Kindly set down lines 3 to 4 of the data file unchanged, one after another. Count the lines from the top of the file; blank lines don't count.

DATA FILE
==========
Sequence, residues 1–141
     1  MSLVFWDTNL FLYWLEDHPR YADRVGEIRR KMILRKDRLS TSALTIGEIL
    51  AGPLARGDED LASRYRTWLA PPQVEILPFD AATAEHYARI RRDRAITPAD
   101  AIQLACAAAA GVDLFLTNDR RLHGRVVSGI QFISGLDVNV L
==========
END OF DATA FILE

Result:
    51  AGPLARGDED LASRYRTWLA PPQVEILPFD AATAEHYARI RRDRAITPAD
   101  AIQLACAAAA GVDLFLTNDR RLHGRVVSGI QFISGLDVNV L